France, Germany Need to Cooperate on Euro Effort, Villeroy Says

  • Would be `weak outcome' if nothing happens ahead of 2017 votes
  • Bank of France Governor calls for euro-area finance minister

Francois Villeroy De Galhau

France and Germany need to set aside their differences and take action to strengthen the euro area, Bank of France Governor Francois Villeroy de Galhau said Tuesday.

The 19-nation currency zone needs to move toward “full coordination” of economic policies, with more flexible rules and more uniform take-up of common budget rules, the French central banker said in the text of a speech that he was scheduled to deliver in Brussels. The event was canceled after terrorist attacks. Villeroy also endorsed a common euro-area finance minister, as proposed last year by European Commission President Jean-Claude Juncker.

“On the crucial issue of economic governance for the euro area, France and Germany have not always seen eye to eye,” Villeroy de Galhau said.

“To be fair, the French call for Germany to support coordination, and the German doubt about French reforms, have been and are still both well-founded,” he said. “A weak outcome would be that nothing would happen before the French and German elections of 2017.”

The European economy has struggled to recover after a financial-sector crisis that led five euro-area nations to seek bailouts. The European Central Bank has embarked on a new salvo of extraordinary measures to try to jump-start growth, while nations continue to disagree over what measures to take to strengthen banking union and improve the bloc’s fiscal guidelines.

Villeroy de Galhau said nations shouldn’t give up despite their differences.

“The highly political nature of the debate should not hide the strong economic rationale for such a reform,” he said. “There is room for an intermediate level of integration, which I would call ‘full coordination of national policies,’ a presently missing link between integration, as we have for monetary policy decision-making, and rule-based surveillance such as is currently the case for national fiscal policies.”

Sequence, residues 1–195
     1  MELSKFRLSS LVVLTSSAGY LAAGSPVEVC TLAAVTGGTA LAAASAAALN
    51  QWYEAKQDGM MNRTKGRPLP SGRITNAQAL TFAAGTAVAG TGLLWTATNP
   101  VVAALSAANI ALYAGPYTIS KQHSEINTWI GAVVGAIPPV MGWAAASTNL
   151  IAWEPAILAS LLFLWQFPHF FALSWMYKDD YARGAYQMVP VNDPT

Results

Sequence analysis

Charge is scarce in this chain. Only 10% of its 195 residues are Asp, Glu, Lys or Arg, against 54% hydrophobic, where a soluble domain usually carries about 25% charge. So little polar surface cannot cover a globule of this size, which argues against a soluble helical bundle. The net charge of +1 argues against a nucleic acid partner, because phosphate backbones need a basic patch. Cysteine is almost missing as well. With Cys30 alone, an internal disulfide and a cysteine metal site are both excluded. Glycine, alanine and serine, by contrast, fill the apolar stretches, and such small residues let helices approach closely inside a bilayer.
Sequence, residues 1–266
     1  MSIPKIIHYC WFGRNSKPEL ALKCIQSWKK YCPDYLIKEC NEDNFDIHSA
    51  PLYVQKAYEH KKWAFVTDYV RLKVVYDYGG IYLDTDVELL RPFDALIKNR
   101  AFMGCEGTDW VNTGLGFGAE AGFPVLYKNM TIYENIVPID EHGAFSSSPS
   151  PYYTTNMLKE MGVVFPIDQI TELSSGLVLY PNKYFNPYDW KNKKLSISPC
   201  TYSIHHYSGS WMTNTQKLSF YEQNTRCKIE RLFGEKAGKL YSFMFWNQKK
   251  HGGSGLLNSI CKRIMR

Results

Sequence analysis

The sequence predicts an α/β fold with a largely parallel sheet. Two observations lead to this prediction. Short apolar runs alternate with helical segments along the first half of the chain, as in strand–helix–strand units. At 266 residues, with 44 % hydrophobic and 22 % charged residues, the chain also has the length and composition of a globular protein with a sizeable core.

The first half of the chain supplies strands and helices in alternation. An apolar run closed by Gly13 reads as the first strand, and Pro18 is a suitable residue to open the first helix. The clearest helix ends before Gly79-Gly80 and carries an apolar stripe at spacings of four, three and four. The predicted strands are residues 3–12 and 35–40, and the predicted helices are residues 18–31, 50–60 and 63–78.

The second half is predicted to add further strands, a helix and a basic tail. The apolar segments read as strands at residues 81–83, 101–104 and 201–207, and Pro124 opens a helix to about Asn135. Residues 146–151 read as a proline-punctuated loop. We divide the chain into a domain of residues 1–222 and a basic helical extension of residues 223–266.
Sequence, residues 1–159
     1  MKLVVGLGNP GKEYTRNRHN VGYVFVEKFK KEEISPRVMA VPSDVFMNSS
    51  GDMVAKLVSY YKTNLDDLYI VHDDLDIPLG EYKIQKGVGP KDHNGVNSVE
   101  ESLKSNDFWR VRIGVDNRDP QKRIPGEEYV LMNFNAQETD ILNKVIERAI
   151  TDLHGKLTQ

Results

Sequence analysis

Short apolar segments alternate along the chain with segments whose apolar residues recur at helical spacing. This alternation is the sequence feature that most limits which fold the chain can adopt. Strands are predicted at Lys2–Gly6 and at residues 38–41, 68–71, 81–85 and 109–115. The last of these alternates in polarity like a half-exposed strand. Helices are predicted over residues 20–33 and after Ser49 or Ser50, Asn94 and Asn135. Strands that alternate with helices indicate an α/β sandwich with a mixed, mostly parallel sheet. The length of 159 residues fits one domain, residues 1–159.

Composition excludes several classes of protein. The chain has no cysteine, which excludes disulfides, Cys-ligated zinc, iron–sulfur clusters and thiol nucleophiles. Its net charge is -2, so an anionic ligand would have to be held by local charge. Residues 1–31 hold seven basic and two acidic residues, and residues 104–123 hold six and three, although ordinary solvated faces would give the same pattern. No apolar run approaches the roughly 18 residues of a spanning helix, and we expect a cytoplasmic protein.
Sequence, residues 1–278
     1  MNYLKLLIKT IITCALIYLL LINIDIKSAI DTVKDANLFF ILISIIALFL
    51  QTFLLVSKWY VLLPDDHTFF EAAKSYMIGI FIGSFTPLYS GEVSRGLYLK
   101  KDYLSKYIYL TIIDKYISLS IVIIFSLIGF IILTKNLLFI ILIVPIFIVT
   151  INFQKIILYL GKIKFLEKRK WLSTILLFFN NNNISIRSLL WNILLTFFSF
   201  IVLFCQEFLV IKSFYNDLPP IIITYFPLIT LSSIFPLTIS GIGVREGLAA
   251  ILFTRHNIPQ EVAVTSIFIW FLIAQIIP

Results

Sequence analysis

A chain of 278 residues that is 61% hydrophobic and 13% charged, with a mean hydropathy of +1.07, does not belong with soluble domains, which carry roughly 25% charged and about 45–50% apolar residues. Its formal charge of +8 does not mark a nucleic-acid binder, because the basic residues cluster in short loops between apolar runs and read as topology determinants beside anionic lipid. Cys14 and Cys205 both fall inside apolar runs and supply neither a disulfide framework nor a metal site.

Villeroy de Galhau said national authorities have lacked the capacity to mitigate large shocks in the context of the monetary union. He called for a central post to improve coordination, saying “the expected dynamics between peer pressure and market discipline did not work” during the crisis because markets didn’t believe there wouldn’t be any bailouts, and because nations didn’t accept the pressure from their peers.

This calls for a formal setup to press for coordination, even as many areas stay decentralized and “euro area outcomes will remain dependent on national policies,” Villeroy de Galhau said. “In a decision phase, the euro area finance minister would propose a strategy, consisting of the collective objective and – as far as necessary – its country specific translations in terms of reforms and policy stance.”